probably more complicated. The Frobenious endomorphism for a prime $p$ is then something like
the functor that just raises line bundles to the $p$-th power.
This is a functor that would come from a map of schemes if we were
working in characteristic $p$, but obviously not in characteristic zero.
But this is part of the reason to start encoding in categories:

*We get more morphisms and equivalences.*

Some of you will notice at this point the analogy to
developments in algebraic geometry where varieties are encoded in categories,
such as the derived category of coherent sheaves. There as well, one has reconstruction
theorems of the Orlov type, as well as the phenomenon of non-geometric morphisms
of the categories (say actions of braid groups). Non-geometric morphisms
appear to be very important in Mochizuki's theory, such as the Frobenius above,
which allows us to simulate characteristic $p$ geometry in characteristic
zero. Another important illustrative example is a
non-geometric isomorphism between Galois groups of local fields (which can't exist
for global fields because of the Neukirch-Uchida theorem).
In fact, I think Mochizuki was rather fond of Ihara's comment that the positive
proof of the anabelian conjecture was somewhat of a disappointment, since
it destroys the possibility that encoding curves into their fundamental
groups will give rise to a richer category. Anyways, I believe the importance
of non-geometric maps of categories encoding rather conventional objects
is that

*they allow us to glue together several standard
categories in nonstandard ways.*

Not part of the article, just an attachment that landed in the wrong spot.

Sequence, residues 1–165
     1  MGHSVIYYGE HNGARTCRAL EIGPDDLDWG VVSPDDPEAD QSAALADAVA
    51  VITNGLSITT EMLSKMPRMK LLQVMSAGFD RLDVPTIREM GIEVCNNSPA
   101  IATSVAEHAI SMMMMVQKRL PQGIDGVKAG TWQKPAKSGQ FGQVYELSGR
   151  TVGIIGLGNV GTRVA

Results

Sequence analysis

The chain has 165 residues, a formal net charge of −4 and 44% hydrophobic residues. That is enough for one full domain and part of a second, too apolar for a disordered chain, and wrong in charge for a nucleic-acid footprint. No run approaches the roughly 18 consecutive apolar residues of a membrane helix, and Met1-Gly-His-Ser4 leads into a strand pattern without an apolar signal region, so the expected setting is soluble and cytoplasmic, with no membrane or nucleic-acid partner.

Obviously, to play this game well,
some things need to be encoded in rigid ways, while others should
have more flexible encodings.

For a very simple example that gives just a bare glimpse of the general theory, you might consider a category of
pairs $$(G,F),$$ where $G$ is a profinite topological group
of a certain type and $F$ is a filtration on $G$.
It's possible to write down explicit conditions that ensure that
$G$ is the Galois group of a local field and $F$ is its ramification filtration
in the upper numbering (actually, now I think about it, I'm not sure about 'explicit conditions' for the filtration part, but anyways). Furthermore, it is a theorem of Mochizuki
and Abrashkin that the functor that takes a local field to the corresponding
pair is fully faithful. So now, you can consider triples
$$(G,F_1, F_2),$$
where $G$ is a group and the $F_i$ are *two* filtrations of the right type.
If $F_1=F_2$, then this 'is' just a local field. But now you can have
objects with $F_1\neq F_2$, that correspond to strange amalgams of
two local fields.

As another example, one might take
a usual global object, such as $$ (E, O_F, E[l], V)$$ (where $V$
denotes a collection of valuations of $F(E[l])$ that restrict bijectively to
the valuations $V_0$ of $F$), and associate to it a collection of local categories
indexed by $V_0$ (something like Frobenioids corresponding to the $E_v$ for $v\in V_0$). One can then try to glue them together
in non-standard ways along sub-categories, after performing a number of non-standard transformations. My rough impression at the moment is that
the 'Hodge theatres' arise in this fashion. [This is undoubtedly a gross oversimplification, which I will correct
in later amendments.] You might further imagine that some
construction of this sort will eventually retain the data necessary to get the height of
$E$, but also have data corresponding to the $G^{\mu}$, necessary for the Lagrangian KS map.
In any case, I hope you can appreciate that a good deal of 'dismantling' and 'reconstructing,' what Mochizuki calls *surgery*, will be necessary.

I can't emphasize enough times that much of what I write is based on